The Idaho Human Rights Commission sided against the City of Boise in a case filed by a transgender former Boise Public Library employee.
In an April 30th document, the state agency determined there was probable cause to believe the city sexually harassed Jax Perez for their nonbinary gender identity during a series of disciplinary actions in mid-2019.
The case stemmed from a social media post and an incident with a patron objecting to Pride merchandise being displayed in the Hillcrest branch of the Boise Public Library where they worked.
Perez is no longer an employee of the Boise Public Library after resigning last year.
Investigation a ‘validating’ experience
ACLU of Idaho’s Legal Director Ritchie Eppink, Perez’s lawyer, called the decision “significant” because he said the Human Rights Commission rarely finds probable cause in its investigations of discrimination around the state.
Now that the commission found probable cause, Eppink said the commission will get involved to broker a resolution. This could either be a settlement with the City of Boise or further litigation in federal court, which could take another year to resolve.
In an interview with BoiseDev, Perez was relieved at the decision and was hopeful it would keep the City of Boise accountable and force it to live up to the city’s strategic priority of inclusivity.
“When I received the news I started sobbing because for me it was like my experience was validated and I no longer had to question as much as to what happened to me,” Perez said, wiping away tears. “It felt like what I knew I went through was true and is reality and I was no longer in a space of uncertainty. I wasn’t worried about being gaslit as much anymore and I think that’s why I cried so much when I was told the news because it has been two years of just an upheaval of my life.”
Title VII of the federal Civil Rights Act protects transgender individuals from sex discrimination. The actions took place under former Mayor Dave Bieter’s administration and Mayor Lauren McLean’s administration oversaw the city’s response to the investigation from the Human Rights Commission.
City spokesman Seth Ogilvie said the city is still evaluating how it will respond.
“We received notice of the decision last week,” Ogilvie said. “We requested the entire decision and are reviewing it to determine next steps.”
Booe calls for ‘strong disciplinary action’
During the investigation, the Human Rights Commission reviewed internal city emails, documents submitted by Perez and interviewed their former supervisor at the Boise Public Library.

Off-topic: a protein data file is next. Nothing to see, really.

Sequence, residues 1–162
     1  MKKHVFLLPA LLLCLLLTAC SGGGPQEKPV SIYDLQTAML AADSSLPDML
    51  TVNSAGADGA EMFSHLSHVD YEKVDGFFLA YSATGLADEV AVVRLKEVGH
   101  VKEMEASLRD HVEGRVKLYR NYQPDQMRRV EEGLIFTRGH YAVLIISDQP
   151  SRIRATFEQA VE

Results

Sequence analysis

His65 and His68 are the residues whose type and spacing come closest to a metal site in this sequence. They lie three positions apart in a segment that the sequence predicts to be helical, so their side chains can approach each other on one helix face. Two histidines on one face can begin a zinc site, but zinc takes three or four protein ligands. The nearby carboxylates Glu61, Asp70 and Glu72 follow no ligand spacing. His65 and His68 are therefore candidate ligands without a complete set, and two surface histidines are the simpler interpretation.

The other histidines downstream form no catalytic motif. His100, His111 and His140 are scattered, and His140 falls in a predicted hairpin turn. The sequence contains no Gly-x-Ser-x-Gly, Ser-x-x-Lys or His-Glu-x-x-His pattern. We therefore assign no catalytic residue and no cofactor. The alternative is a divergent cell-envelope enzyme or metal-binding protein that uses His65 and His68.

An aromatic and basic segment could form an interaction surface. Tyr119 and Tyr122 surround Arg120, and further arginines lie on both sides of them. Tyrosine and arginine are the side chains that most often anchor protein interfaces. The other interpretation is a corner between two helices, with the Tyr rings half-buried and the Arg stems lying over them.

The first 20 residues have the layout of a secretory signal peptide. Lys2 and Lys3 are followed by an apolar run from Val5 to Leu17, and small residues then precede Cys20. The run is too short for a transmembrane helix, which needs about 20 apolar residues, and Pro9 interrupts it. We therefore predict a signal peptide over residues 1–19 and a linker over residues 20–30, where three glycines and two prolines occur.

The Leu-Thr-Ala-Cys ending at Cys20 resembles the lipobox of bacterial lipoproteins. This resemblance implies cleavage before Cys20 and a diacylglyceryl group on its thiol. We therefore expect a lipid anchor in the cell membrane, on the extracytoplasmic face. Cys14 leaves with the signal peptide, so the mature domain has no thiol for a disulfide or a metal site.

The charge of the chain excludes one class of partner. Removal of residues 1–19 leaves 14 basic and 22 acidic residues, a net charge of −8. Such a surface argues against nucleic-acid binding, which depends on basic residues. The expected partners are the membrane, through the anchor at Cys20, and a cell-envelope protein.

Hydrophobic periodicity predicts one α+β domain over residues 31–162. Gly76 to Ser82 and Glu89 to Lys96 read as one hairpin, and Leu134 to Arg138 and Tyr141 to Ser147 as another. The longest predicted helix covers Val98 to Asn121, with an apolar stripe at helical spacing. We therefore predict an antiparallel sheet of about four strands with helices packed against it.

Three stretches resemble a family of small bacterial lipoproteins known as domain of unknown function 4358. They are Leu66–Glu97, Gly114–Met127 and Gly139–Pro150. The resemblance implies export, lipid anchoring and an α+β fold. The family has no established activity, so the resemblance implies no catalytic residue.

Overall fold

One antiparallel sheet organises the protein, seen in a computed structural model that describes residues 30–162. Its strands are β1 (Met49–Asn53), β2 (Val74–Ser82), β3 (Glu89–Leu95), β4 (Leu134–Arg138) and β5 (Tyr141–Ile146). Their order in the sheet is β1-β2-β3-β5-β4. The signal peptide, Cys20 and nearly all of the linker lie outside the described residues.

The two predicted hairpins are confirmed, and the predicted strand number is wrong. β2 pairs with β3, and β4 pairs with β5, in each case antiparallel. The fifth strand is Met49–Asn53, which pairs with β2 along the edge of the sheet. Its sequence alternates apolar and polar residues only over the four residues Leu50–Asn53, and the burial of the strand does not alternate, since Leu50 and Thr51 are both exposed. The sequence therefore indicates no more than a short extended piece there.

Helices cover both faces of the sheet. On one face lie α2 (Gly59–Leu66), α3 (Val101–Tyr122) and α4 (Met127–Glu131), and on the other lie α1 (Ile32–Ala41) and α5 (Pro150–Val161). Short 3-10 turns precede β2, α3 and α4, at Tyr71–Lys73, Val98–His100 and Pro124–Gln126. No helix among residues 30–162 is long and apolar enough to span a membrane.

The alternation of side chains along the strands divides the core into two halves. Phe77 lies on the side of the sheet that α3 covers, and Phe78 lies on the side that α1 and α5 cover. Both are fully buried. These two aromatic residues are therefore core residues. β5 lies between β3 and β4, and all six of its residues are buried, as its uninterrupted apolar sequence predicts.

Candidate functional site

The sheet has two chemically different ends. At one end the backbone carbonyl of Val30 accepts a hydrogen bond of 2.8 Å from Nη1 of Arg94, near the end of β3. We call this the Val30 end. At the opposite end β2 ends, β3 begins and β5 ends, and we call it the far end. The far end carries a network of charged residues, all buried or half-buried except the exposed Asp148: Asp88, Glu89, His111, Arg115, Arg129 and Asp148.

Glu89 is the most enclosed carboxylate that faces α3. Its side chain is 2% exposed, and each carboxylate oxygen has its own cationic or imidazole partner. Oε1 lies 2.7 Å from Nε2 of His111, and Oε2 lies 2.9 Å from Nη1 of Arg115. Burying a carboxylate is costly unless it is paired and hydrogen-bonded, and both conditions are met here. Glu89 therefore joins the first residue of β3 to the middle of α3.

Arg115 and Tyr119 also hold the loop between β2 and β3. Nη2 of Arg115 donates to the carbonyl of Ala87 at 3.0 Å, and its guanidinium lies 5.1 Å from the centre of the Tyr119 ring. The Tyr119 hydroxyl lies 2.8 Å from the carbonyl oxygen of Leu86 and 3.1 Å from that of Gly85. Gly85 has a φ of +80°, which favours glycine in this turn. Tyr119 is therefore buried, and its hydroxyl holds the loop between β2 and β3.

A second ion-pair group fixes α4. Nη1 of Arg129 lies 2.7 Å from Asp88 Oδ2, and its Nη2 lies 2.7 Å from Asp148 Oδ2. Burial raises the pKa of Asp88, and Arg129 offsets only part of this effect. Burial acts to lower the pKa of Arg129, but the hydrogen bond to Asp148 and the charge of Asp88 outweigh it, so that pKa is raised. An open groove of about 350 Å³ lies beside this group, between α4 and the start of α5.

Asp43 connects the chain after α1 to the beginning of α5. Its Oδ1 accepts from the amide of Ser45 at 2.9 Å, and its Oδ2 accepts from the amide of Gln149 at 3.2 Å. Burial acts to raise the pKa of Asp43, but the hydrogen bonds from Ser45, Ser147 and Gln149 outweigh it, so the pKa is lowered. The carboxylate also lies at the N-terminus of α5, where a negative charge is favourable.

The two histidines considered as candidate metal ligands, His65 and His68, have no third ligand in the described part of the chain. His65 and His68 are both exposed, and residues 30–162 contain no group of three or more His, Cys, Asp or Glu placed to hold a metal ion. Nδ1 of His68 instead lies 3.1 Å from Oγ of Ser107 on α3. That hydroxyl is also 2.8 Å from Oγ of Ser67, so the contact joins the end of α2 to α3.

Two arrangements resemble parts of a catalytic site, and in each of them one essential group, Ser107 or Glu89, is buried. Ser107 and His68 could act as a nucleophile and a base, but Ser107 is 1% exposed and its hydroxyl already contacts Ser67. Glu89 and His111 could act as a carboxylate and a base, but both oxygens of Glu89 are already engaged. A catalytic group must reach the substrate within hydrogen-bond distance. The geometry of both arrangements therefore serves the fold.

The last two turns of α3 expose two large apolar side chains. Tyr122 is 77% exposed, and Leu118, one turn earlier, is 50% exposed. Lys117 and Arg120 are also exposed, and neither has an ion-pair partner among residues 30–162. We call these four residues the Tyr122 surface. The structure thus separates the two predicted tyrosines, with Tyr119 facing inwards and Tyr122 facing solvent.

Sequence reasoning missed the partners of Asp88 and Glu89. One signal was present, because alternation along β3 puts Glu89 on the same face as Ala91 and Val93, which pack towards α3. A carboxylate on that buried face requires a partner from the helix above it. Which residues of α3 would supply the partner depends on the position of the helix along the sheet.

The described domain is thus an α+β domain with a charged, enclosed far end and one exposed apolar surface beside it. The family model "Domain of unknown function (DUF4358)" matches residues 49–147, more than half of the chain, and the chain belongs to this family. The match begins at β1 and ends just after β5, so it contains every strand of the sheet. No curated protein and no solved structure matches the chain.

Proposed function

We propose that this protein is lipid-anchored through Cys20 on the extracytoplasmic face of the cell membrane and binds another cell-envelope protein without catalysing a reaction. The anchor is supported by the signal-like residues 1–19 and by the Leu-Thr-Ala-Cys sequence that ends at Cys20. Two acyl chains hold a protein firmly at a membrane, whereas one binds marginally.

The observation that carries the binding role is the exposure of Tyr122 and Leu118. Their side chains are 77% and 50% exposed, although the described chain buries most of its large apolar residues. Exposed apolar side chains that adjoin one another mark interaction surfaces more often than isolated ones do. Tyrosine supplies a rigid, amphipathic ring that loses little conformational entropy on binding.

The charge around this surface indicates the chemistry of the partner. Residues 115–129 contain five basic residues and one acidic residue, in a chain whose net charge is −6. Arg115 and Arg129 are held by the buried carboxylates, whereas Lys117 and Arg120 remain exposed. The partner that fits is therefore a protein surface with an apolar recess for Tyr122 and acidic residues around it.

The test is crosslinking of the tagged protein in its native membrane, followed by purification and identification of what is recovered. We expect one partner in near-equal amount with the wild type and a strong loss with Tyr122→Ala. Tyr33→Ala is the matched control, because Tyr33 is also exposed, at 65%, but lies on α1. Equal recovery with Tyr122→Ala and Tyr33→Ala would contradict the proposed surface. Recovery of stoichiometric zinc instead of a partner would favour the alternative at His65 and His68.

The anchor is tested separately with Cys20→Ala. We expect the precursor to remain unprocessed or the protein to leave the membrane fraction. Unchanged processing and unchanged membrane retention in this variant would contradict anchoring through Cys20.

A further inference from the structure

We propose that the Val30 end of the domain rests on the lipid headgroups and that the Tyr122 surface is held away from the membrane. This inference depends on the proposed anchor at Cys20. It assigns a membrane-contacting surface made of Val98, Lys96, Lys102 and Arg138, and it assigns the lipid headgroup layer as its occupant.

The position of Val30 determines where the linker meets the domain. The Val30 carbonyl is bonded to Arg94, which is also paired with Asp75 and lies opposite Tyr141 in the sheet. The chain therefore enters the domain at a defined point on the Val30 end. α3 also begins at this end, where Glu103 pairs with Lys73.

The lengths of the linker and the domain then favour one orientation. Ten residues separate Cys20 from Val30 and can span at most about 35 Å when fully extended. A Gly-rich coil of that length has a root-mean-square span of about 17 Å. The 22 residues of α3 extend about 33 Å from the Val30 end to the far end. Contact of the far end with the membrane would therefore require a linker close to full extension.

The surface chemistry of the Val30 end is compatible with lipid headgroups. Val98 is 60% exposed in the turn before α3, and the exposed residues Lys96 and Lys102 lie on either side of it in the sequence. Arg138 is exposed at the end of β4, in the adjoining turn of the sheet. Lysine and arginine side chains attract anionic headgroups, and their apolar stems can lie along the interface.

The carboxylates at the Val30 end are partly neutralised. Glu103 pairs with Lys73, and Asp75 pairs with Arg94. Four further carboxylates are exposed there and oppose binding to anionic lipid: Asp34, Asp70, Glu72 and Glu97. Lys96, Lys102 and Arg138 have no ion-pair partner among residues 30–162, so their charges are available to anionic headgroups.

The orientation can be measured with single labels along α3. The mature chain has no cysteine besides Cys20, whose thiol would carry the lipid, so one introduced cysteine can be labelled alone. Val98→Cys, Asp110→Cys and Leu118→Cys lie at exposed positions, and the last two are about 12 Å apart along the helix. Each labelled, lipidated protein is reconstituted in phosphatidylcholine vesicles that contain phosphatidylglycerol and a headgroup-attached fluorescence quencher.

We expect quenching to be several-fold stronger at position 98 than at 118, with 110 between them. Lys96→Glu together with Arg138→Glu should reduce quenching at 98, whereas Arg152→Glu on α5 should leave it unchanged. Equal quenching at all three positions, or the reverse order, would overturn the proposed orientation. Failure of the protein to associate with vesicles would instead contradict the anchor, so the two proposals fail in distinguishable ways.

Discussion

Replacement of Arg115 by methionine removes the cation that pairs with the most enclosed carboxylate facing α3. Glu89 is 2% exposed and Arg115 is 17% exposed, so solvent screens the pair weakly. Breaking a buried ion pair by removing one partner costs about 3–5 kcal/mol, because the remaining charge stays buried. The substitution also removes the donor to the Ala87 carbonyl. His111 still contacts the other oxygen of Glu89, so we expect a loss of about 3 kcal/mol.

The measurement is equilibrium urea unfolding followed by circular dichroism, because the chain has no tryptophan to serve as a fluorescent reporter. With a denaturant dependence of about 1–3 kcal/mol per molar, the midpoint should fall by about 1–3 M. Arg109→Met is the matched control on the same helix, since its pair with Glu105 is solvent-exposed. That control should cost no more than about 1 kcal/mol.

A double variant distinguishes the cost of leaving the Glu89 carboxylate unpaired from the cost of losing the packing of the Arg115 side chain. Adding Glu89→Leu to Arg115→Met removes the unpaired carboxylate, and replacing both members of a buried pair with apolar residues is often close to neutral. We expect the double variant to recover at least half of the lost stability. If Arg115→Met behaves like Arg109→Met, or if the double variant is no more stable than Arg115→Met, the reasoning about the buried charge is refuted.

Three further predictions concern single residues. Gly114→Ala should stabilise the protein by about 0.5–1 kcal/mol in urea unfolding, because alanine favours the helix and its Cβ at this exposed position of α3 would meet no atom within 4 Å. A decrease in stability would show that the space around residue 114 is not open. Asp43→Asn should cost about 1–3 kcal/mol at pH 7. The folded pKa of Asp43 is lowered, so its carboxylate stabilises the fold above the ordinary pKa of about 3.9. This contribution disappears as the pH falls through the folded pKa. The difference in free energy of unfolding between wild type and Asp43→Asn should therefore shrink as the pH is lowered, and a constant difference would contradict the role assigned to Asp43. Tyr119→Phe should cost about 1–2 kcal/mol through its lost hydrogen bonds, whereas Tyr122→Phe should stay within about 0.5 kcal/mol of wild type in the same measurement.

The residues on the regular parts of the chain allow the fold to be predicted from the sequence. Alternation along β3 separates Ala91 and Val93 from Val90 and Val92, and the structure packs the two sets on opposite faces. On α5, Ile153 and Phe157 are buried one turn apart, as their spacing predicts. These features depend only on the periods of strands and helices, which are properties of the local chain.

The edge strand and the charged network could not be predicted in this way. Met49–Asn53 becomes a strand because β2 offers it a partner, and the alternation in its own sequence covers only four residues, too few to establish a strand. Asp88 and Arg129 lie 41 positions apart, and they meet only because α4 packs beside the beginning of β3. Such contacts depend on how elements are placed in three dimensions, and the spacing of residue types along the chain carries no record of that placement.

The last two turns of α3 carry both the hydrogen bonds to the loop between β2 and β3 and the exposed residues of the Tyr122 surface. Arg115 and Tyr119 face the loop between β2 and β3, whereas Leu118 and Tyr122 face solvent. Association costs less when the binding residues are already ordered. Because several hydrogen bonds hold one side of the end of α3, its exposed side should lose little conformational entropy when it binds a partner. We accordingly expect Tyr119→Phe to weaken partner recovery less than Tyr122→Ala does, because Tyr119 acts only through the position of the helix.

The findings unearthed a series of emails from former Boise Library Director Kevin Booe asking multiple times for Perez’s termination against the recommendation of their supervisor and Boise’s human resources staff. The Human Rights Commission found he repeatedly called Perez by the name they formerly went by they objected to and misgendered them with she/her pronouns. Booe retired from his post in December 2019.
In the first, according to the complaint filed by Perez and the ACLU, Perez used their personal Facebook profile to post a link to a program they developed for teens where a local drag queen would talk about makeup and the annual Pride Month. They went back and forth with some commenters who left messages Perez said were “transphobic” and tagged an administrator asking for some of the commenters to be removed from the Facebook group.
After three community members complained about Perez’s Facebook comments, Booe emailed Perez’s branch supervisor Elizabeth Westenburg expressing extreme displeasure at their actions.
“I expect strong disciplinary action which we need to discuss face to face,” Booe wrote on June 11, 2019. “I do NOT want to see this happen again, and frankly, I don’t see a future for (Jax) at BPL.”
Perez was given a memo by their supervisor later that month calling their commentary inappropriate, according to the complaint.
Confrontation with patron
Days later, Perez said a patron tossed Pride buttons the library had set out for patrons onto the check-out desk and called them a “vice” comparable to drug use or teen smoking and said he did not want his kids exposed to them. In response, Perez told the patron they are a member of the LGBTQ community themselves and are “sorry you feel that way.” Perez said the patron returned later that week to stare at them in a “sinister way” before they left the front desk.
Perez sent a summary of the interaction with the patron to Booe, who then followed up with an email to Westernburg and Library Services Manager Sarah Kelley Chase asking for them to have “an exit strategy” for Perez prepared by the next morning.
According to the commission, Booe then went on to criticize the branch’s decision to promote Pride Month and Westenburg removed the buttons from the library.
“First, does Hillcrest provide pins for Christian holidays, Jewish holidays, Juneteenth, black panther [sic] issues, cinco [sic] de Mayo, Holocaust Day, Men’s Health Awareness, Breast Cancer Awareness, September 15 [sic], Ramadan, etc?” he wrote in the June 20 email. “If not, this is a complete breach [sic] of mission and ethics.”
Both Sarah Martin, with the city’s HR department, and Westenburg said they did not agree termination was warranted for Perez.